Learning truth to get smart can be good or bad. On the negative side, learning can be a means of pridefully puffing yourself up (1 Cor. 8:1). On the positive side, learning can be a means of growing in wisdom in order to make sensible decisions (Pr. 1:1-6). If you like the idea of growing in wisdom, the book of Proverbs makes it clear that it starts with fearing the Lord (Pr. 1:7).

#4 – Use truth to win arguments.

In order to be persuasive, arguments need at least to appear to be truthful and probably need to have at least some truth in them. One issue that keeps coming up when it comes to logical argumentation is that, even when some truth is used, some truth is probably left out. When making an argument, it’s easy to be selective when it comes to what truth to emphasize.

Salespeople have to eat, so we don’t expect them to tell the whole truth about their product. Politicians have to get elected, so we don’t expect them to tell the whole truth about their platform. Because we have come to expect people to be fragmentary when it comes to truth, it’s not uncommon for people to get cynical about the concept of truth itself. More on that in #5. Let’s close with the two main competing paths for handling truth in this cultural moment.

#5 – Erase truth to redraw reality.

I’ve met some preacher’s kids who turned out pretty rough, but I’ve never met a PK who turned out as unchristian as Friedrich Nietzsche. The son of a Lutheran minister became an atheist who despised Christian morality and eagerly heralded a post-Christian world. Nietzsche had his faults, but inconsistency was not one of them. He reasoned very logically that with the “death of God” came the death of absolute morality and truth.

Eager to hurry on through God’s funeral, Nietzsche excitedly anticipated the newfound ability of dominant humans (Nietzsche’s “overman”) to recreate reality in their own image. It is a matter of erasing the concept of truth and artistically redrawing reality. It’s no wonder that the only line in the New Testament which Nietzsche appreciated was when Pontius Pilate scoffed, “What is truth?”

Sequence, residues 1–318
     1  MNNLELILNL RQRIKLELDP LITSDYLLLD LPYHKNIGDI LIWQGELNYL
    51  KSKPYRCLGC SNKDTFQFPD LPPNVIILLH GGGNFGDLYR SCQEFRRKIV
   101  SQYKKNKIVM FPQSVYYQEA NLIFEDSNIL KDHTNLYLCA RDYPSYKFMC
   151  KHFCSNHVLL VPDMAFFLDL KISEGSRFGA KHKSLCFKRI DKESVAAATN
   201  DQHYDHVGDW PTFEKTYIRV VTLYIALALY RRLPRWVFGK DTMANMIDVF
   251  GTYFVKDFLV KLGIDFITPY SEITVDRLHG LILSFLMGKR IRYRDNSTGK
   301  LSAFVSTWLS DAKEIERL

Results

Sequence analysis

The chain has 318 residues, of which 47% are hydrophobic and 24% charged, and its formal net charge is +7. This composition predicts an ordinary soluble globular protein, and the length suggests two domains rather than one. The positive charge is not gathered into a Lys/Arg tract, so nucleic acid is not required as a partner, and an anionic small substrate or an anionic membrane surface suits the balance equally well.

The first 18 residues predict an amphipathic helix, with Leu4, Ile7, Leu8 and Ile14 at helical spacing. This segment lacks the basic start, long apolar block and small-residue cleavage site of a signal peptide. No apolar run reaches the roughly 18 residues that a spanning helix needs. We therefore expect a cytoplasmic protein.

Although he died insane, Nietzsche’s predictive powers were remarkably incisive. Modern Western culture has become a playground for powerful people to recreate reality to mirror their desires.

Modern Western culture has become a playground for powerful people to recreate reality to mirror their desires.

#6 – Seek truth to find light.

The best way to use truth—in fact, the only way not to misuse it—is to seek truth in order that we might live in it. The Gospel of John pictures living in truth as a matter of bringing our whole selves into the light. Sin thrives in the darkness but withers in the light. Lies mutate and spread in the darkness but evaporate in the light.

Living in the light means more than merely amassing pieces of truth to get smarter or win debates. It’s a matter of welcoming the truth—the whole truth—by becoming disciples of the one who is “the way, the truth, and the life” (John 14:6). With that in mind, consider your central choice when it comes to what you’re going to do with the truth:

“Everyone who does evil hates the light, and will not come into the light for fear that their deeds will be exposed. But whoever lives by the truth comes into the light.” (John 3:20-21)